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OTTAWA (LifeSiteNews) – Freedom Convoy organizer Tamara Lich appeared in court today wearing shackles around her ankles as she sought a bail review.

Last week, Lich was denied bail by a judge who ran for the Liberal Party of Canada in 2011 and was praised by Prime Minister Justin Trudeau at the time.

The judge stated that her continued detainment was necessary “for the safety and protection of the public.” In contrast, Freedom Convoy organizer Chris Barber was not denied bail and allowed to go home.

Today, Lich appeared in court to appeal her decision on the basis that the judge who denied her bail was bias.

In addition to arguing that the judge who denied her bail might have done so with political bias, Lich’s lawyers are of the opinion that the bail hearings should consider Lich’s Indigenous Métis background.

Lich testified in her affidavit that she is a “card-carrying member of the Métis nation of Alberta.”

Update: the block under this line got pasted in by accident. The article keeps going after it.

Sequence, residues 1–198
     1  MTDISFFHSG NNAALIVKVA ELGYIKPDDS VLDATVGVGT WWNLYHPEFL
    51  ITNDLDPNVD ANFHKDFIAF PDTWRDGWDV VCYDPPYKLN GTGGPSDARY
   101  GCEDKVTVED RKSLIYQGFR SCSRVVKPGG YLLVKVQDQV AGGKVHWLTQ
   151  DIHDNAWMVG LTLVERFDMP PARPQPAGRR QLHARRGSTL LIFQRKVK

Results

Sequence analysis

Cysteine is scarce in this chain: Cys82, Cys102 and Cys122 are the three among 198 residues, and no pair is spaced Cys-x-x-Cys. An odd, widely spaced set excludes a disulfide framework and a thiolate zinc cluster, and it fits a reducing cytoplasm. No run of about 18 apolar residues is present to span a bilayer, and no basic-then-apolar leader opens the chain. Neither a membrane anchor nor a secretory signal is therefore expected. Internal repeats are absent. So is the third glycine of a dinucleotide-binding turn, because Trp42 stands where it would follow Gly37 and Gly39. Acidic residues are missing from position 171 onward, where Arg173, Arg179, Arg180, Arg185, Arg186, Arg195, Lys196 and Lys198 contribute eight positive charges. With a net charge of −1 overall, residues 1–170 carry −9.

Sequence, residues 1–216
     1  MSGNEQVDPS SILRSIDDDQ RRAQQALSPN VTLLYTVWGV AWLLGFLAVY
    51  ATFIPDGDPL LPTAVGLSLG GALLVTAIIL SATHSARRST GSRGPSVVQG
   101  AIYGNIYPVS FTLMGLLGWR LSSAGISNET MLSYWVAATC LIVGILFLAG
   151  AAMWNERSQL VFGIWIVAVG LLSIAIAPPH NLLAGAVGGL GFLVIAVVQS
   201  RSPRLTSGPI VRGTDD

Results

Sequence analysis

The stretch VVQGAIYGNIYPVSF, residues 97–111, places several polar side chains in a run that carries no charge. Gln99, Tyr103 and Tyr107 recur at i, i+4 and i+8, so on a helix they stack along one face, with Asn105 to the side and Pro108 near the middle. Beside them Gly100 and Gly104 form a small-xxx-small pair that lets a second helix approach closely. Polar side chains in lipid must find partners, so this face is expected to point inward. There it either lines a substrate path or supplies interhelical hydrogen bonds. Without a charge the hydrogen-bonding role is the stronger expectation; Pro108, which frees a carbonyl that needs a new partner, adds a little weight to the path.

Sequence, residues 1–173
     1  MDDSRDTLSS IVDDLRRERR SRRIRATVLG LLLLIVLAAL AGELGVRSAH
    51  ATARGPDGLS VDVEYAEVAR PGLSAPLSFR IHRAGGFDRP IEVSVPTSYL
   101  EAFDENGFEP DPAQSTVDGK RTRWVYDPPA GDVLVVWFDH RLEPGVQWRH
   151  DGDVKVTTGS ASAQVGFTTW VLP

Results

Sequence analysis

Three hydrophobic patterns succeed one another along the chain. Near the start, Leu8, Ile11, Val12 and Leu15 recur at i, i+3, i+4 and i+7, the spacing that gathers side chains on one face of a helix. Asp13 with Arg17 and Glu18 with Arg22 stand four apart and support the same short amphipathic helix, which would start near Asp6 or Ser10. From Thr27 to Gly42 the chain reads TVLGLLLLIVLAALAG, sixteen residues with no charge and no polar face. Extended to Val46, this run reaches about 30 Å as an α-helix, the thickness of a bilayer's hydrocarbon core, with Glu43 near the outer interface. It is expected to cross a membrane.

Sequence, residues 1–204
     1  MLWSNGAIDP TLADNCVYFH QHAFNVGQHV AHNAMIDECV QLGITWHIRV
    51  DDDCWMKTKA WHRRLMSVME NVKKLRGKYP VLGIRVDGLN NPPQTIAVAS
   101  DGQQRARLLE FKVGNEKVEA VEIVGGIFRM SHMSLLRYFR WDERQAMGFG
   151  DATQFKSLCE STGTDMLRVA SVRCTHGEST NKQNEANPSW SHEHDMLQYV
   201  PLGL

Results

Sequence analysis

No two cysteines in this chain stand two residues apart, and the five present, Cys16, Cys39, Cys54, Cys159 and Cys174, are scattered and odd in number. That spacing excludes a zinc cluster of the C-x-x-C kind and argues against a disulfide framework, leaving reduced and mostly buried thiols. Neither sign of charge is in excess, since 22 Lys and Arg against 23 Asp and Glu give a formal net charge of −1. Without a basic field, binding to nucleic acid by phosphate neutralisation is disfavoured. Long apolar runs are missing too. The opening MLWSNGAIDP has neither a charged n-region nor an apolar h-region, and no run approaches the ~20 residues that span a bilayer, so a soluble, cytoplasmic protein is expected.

Lich was arrested February 17 for her involvement with the freedom protests in Ottawa, two days after the Emergencies Act (EA) came into effect. According to the EA legislation, “a person registered as an Indian under the Indian Act” is exempt from a ban on protesting.

Because of this, Lich’s legal counsel has argued that the Gladue principles should be considered in her case.

The Gladue principles stipulate that judges are to approach legal matters with First Nations Canadians with sensitivity to any injustices that the person may have gone through as a result of ethnicity.

Government COVID policies, such as the vaccine mandates imposed by the Canadian federal government, have been additionally difficulty for First Nations Canadians who live in remote communities. Thousands of dollars of fines were handed out to Indigenous mothers in northern Manitoba who defied lockdown orders in order to purchase groceries in other communities because their stores were not properly stocked with necessities.

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